the controller establishes the states of the control valves during the evacuation phase to establish fluid communication between the suction manifold and the casing chamber, the production chamber and the lift chamber; and
the controller establishes the states of the control valves during the liquid reduction phase to establish fluid communication between the suction manifold and the casing chamber, to establish fluid communication between the discharge manifold and the production chamber, and to establish fluid communication between the lift chamber and the sales conduit.
22. A gas recovery apparatus as defined in claim 21, further comprising:
pressure sensors connected to sense pressure within the casing chamber, the production chamber and the lift chamber, the pressure sensors delivering pressure signals to the controller related to the sensed pressure within the casing chamber, the production chamber and the lift chamber;
flow sensors to sense the flow of natural gas from the lift chamber to the sales conduit and from the casing chamber to the sales conduit, the flow sensors delivering flow signals to the controller related to the sensed flow from the lift chamber to the sales conduit and from the casing chamber to the sales conduit, and wherein:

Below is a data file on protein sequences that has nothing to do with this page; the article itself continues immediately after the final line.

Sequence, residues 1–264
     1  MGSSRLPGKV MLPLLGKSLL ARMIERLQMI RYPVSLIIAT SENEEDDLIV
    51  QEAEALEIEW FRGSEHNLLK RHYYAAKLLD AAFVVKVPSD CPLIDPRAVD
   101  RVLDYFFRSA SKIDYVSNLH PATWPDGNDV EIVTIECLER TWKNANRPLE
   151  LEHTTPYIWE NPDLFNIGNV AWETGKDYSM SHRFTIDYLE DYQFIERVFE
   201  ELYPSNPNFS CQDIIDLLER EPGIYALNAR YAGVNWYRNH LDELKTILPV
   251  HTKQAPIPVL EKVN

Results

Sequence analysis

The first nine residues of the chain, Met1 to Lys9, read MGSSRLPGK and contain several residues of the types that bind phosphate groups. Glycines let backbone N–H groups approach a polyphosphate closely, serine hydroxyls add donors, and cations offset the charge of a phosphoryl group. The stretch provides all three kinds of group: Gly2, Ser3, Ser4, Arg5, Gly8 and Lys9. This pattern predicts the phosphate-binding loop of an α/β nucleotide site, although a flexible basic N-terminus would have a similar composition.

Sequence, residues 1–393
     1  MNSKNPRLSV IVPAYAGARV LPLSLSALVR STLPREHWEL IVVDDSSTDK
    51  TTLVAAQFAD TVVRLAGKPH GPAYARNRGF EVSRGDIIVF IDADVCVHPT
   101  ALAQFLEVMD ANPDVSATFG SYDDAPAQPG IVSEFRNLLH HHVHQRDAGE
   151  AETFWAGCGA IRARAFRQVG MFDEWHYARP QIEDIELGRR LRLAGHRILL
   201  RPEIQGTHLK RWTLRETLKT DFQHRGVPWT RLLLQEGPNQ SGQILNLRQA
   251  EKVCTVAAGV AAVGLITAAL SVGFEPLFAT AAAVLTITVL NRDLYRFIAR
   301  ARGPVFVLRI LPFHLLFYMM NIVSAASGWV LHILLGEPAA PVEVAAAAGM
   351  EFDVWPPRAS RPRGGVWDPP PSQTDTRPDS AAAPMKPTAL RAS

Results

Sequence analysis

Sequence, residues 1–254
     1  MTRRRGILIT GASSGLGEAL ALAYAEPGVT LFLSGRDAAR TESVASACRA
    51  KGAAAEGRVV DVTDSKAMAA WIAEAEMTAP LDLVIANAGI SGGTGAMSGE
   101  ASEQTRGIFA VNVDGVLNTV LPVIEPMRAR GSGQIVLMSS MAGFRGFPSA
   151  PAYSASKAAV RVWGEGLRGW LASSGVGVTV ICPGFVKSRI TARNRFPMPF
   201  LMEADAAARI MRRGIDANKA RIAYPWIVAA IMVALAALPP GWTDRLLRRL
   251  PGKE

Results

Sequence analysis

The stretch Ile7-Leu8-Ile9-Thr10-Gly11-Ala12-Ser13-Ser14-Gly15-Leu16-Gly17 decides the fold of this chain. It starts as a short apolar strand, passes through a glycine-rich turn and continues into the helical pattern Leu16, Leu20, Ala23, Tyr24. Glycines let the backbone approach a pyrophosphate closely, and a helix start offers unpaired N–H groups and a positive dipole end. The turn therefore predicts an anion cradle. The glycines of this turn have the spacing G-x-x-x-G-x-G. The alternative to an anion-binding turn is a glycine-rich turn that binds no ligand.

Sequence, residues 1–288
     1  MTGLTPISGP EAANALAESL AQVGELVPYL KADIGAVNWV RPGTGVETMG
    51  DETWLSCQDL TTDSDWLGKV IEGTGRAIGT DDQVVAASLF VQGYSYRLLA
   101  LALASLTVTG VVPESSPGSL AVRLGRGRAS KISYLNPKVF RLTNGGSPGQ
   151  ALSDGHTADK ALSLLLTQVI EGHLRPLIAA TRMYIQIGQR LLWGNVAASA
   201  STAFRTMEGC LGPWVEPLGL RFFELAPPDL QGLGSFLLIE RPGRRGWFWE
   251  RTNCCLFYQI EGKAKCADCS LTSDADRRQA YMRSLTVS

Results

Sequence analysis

the controller selectively terminates each phase of the gas recovery cycle and establishes the next phase of the gas recovery cycle based on the pressure signals and the flow signals, and wherein the apparatus further comprises:
an additional control valve connecting the casing chamber to the sales conduit to establish selective fluid communication between the casing chamber and the sales conduit, and wherein:
the controller establishes the state of the additional control valve to establish fluid communication between the casing chamber and the sales conduit during the liquid reduction phase.
Description
CROSS-REFERENCE TO RELATED INVENTION

[0001] This is a continuation in part of a previous invention described in U.S. patent application Ser. No. 10/096,881, filed Mar. 12, 2002, titled “Gas Recovery Apparatus, Method and Cycle Having a Three Chamber Evacuation Phase for Improved Natural Gas Production and Down-Hole Liquid Management,” now U.S. Pat. No. ______. The subject matter from this application is incorporated herein by this reference.

FIELD OF THE INVENTION